At Mount Sinai, (Exodus 24:15-18), Moses went up alone to meet with the LORD. It was only after patiently waiting for six whole days in a thick mist that covered the mountain that on the seventh day God called to Moses from the cloud. Then Moses spent another forty days in solitude with the LORD!
The result was the production of arguably one of the most influential written documents ever known–one that every civilized society since has in some way been effectively governed or somehow positively impacted by. We know it as The Ten Commandments.
We live in a very hurried world today where people find it almost impossible to wait for things. They sacrifice so much of the precious gifts of peace and quiet meditation for the quick response or result. By trying to keep up with everyone else, they miss much of what is most important in life. That is not the pace at which God intends His children to exist.
Taking regular spiritual pit-stops will dramatically increase your effectiveness at running life’s race. There is infinitely inestimable value in getting alone to quietly and intentionally wait to hear what the LORD might want to say to your heart.
So here’s your challenge. Sometime during your day, take fifteen minutes to a half-hour to get somewhere that is as quiet as possible to disconnect from everyone and everything (especially electronic devices). Yes, I realize that swiping the off-button on a smartphone is hard for most people to do. But do it. Try this challenge just a few days a week for the next few weeks, and see won’t it begin to change your world for the better! “Wait, I say, on the LORD.”
You may feel like you are losing ground in the rat-race as you make those precious pit-stops for God’s guidance. But don’t worry about falling behind; life will be right there waiting for you when you’re through. Besides, the Lord said the last shall be first…
In the beginning, God made everything and everything was “very good” (Gen. 1:31). But the significance of God’s word not using the term “very good” until the sixth day—and after He created mankind—should not be overlooked.
Creation was made for humanity by God, and He said that it was “good”. Yet after He made us—the crown of His creation—He used the term “very good” to signify that humanity, which creation was made for, makes God’s work on earth complete.
Yet nowhere does God say that was His best for you! You were designed by God to transcend “very good”. Very good was your beginning. But it was by no means meant to be your end. When God finished creation, He gave us dominion over it, and He allowed us to choose to either settle for very good being the best we would ever know, or to eat of the Tree of Life and experience the incalculable beyond very good. Unfortunately we made the wrong choice, and became destined to rue the day we lost mere paradise. Adam is proof-positive that sin wants to make you settle for less than your inheritance.
But wait! There is a hope! You see, God had a backup plan. He would send another (uncreated) Adam who would offer us the opportunity of not just “good” or mere “very good”, “but God had planned something better for us”. So that was just the beginning! Why? Because through faith in the Lord Jesus Christ—the last Adam (I Cor. 15:45)—you have the opportunity to pick up where the first Adam left off. By choosing Christ, you have willfully made the choice to experience not just what God created, but the limitless beyond. And why did God do this? Here is the answer (Ephesians 2:7):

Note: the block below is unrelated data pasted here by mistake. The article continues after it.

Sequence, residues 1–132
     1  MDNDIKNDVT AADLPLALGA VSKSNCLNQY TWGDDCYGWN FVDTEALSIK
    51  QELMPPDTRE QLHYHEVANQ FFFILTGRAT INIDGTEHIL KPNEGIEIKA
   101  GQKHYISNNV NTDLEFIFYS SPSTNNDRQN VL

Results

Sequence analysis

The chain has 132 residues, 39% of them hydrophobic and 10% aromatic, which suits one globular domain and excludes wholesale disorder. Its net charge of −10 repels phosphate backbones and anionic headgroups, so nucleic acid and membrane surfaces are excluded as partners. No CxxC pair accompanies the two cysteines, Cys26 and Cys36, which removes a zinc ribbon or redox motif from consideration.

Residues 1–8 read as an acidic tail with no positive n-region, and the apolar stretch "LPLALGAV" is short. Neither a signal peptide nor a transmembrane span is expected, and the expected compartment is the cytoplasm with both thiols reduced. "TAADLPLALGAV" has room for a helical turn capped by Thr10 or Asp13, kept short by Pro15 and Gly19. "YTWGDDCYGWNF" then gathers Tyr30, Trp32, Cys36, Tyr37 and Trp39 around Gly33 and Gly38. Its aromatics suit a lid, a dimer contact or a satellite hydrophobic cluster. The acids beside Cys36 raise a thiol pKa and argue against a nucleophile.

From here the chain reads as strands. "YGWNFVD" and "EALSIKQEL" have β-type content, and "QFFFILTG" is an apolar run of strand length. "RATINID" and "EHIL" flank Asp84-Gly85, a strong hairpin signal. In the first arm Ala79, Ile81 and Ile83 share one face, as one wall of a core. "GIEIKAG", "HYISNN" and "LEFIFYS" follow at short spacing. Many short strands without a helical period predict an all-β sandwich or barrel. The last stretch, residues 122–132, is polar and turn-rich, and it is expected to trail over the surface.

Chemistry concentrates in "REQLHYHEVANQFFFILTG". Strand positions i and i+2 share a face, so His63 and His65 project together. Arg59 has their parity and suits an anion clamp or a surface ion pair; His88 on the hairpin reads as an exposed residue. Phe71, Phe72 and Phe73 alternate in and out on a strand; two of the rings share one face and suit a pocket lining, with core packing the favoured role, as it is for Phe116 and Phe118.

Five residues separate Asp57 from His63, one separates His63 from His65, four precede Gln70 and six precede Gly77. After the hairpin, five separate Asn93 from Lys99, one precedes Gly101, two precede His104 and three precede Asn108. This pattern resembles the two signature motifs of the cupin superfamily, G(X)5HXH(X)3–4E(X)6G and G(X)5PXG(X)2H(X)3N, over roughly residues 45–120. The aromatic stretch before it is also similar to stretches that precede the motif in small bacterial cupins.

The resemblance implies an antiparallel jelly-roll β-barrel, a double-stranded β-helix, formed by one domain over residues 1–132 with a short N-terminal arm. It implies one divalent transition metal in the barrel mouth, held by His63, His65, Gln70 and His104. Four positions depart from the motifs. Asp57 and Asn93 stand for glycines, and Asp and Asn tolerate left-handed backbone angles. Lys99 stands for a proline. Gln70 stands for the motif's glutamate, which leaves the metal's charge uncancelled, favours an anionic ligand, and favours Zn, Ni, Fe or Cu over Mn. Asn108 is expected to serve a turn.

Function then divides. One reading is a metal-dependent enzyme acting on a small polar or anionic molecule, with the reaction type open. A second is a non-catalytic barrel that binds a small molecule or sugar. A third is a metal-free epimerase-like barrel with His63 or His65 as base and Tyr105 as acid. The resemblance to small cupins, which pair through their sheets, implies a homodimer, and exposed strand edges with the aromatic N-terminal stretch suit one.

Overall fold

…in order that in the coming ages he might show the incomparable riches of his grace, expressed in his kindness to us in Christ Jesus.
And even now, there is infinitely more in Christ that we have to enjoy. C.S. Lewis perfectly explains another aspect of our perceived scarcity in God’s kingdom of abundance…
“It would seem that Our Lord finds our desires not too strong, but too weak. We are half-hearted creatures, fooling about with drink and sex and ambition when infinite joy is offered us, like an ignorant child who wants to go on making mud pies in a slum because he cannot imagine what is meant by the offer of a holiday at the sea. We are far too easily pleased.”
Okay, well maybe you have heard it before. But have you truly “heard” it? You see, Jesus even often said, “whoever has ears to hear, let them hear.” What did He mean by that? Was He poking fun at someone in the audience who may have been born with an auditory defect? Last I checked, He didn’t make that statement when Peter hacked off Malchus’ ear either. So what did Jesus mean?
He was speaking of the genuine, willful, obedient, “be ye doers of the word, and not hearers only, deceiving yourselves” type of hearing. So, If you are of the persuasion that feels they have heard this before, but are still spitefully holding on to yesterday (or yesteryear), then I say to you by the authority of Christ’s words that you’ve never heard this before, but here goes… Leave The Past Behind.
Wait! Isn’t that one thing? Well, yes. It is one statement, but it has three important things in it for us to remember:
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